Jean-Marc Superville Sovak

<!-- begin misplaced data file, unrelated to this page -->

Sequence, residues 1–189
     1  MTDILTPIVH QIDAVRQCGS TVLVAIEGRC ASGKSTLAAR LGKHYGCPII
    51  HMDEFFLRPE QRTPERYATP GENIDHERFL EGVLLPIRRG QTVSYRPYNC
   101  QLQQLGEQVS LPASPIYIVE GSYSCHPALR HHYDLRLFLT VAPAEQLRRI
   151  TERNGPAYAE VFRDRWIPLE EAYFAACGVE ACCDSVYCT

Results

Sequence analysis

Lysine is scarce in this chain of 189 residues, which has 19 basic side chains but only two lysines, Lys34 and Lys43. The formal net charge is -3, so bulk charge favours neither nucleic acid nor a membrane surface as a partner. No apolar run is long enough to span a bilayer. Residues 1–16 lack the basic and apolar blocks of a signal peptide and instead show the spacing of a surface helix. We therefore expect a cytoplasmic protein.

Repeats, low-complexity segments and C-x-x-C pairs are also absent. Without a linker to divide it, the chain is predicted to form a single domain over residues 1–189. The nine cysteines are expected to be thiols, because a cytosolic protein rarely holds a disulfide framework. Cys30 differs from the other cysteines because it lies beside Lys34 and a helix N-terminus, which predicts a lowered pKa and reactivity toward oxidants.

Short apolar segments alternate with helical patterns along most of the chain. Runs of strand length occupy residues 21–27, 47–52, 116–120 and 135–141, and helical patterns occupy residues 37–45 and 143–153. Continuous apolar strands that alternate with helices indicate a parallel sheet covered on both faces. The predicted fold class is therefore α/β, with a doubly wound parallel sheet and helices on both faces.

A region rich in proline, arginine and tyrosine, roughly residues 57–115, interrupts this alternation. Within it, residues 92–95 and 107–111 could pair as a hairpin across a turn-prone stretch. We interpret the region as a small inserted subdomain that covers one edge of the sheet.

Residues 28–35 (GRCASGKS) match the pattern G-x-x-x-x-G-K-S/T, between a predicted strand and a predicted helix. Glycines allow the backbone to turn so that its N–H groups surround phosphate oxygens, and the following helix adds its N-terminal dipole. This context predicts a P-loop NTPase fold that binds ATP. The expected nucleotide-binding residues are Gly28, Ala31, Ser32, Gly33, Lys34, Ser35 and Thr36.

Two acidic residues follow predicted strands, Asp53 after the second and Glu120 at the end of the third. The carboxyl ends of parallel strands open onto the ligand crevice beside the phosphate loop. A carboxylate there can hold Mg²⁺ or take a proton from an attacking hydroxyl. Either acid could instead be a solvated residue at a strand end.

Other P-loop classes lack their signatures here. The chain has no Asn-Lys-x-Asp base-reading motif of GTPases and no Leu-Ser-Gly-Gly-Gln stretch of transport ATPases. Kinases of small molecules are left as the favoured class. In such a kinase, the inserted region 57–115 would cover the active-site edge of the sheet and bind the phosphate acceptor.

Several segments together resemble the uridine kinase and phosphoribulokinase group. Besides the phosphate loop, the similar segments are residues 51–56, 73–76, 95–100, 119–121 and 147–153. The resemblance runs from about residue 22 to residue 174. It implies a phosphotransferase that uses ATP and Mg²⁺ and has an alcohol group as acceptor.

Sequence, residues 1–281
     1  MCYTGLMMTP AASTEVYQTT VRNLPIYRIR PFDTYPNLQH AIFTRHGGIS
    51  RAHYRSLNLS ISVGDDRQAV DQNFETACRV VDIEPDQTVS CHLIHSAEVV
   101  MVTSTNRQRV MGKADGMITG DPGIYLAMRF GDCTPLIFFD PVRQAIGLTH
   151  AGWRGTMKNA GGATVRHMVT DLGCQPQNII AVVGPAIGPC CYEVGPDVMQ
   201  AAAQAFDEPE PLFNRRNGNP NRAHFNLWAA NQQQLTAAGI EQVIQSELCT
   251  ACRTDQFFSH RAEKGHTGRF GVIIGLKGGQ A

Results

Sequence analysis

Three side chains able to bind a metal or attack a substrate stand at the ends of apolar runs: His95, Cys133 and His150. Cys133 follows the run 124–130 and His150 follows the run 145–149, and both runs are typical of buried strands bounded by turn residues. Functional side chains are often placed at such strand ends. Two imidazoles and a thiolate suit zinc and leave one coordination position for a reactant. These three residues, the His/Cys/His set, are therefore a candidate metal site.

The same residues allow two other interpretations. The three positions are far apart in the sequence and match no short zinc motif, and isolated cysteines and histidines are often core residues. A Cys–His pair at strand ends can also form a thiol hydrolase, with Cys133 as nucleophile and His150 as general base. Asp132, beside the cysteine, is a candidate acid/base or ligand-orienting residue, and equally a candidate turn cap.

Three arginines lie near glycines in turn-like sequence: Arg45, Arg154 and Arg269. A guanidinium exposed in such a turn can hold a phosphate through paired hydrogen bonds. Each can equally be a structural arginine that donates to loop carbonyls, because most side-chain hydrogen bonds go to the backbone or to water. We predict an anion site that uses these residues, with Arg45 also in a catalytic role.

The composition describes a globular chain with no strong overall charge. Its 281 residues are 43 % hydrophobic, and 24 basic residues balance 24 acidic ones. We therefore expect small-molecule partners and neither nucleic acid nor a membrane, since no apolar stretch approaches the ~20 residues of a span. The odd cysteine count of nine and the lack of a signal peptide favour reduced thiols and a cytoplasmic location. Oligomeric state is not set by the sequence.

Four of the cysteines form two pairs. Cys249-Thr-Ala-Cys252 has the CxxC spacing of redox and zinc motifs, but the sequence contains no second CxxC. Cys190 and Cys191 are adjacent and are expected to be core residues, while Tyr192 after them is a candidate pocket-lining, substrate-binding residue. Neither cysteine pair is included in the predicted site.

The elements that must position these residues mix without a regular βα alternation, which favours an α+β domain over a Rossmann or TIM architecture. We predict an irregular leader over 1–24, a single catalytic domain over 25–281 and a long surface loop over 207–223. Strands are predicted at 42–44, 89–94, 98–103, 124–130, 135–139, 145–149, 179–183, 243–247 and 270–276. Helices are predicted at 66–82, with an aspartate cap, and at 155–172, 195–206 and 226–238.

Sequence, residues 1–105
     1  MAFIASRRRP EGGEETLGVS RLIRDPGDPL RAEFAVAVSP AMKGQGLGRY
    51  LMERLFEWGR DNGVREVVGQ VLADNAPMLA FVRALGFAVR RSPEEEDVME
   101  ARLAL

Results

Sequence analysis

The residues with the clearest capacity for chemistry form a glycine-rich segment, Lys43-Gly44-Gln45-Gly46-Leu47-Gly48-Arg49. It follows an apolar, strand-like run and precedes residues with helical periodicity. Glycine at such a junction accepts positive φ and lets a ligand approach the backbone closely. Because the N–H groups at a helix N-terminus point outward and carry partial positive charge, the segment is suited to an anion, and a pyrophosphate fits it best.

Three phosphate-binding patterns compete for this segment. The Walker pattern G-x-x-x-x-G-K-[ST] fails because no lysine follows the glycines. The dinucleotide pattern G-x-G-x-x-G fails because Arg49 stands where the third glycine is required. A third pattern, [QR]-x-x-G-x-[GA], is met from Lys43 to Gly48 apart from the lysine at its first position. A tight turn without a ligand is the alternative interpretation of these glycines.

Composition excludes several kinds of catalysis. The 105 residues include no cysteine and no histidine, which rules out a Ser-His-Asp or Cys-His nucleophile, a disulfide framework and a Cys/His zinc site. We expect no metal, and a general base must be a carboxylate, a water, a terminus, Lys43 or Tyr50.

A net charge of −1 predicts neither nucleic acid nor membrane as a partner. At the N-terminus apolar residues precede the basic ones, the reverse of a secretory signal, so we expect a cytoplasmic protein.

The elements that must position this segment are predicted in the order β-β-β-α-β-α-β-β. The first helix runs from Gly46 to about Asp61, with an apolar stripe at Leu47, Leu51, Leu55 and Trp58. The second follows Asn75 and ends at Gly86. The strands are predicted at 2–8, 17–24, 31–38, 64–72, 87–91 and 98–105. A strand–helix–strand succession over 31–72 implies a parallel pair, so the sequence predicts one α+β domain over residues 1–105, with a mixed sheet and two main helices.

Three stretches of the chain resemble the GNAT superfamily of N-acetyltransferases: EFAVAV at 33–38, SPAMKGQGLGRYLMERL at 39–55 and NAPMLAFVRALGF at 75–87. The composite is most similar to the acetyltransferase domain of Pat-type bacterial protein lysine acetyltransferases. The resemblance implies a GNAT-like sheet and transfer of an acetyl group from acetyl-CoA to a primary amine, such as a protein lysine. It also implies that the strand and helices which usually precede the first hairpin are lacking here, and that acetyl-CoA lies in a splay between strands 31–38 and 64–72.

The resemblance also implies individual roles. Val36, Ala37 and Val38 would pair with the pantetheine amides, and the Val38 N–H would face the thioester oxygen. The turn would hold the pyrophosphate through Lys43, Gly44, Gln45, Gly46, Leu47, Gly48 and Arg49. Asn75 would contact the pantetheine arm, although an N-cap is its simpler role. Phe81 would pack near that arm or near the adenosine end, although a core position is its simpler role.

Fever 1793 (Laurie Halse Anderson, 2000) meets Newes from the Dead (Mary Hooper, 2008) in this absorbing diary of a fictional teen who witnesses the epidemic unleashed on turn-of-the-20th-century New York by the infamous "Typhoid Mary." Sixteen-year-old science-minded Prudence gets the chance to use her deductive talents when she is hired as an assistant in the Department of Health and Sanitation. There, she helps her "chief" investigate outbreaks of typhoid. When one case leads them to suspect Mary Mallon, an Irish cook, of being a healthy carrier who is unknowingly spreading the disease, Prudence is torn between her medical rationality and her compassion for the woman's untenable situation. She must also deal with a male co-worker's unwelcome attention and unresolved feelings of abandonment since her father was declared missing in the Spanish American War. Rich period details about the study of medicine and the role of women in society combine with Prudence's girlish crush on her chief and her earnest desire to "do something astonishing with my life" to make this a title that will appeal to reluctant readers and historical fiction fans alike. (author's note) (Historical fiction. 12 & up) Read full book review >
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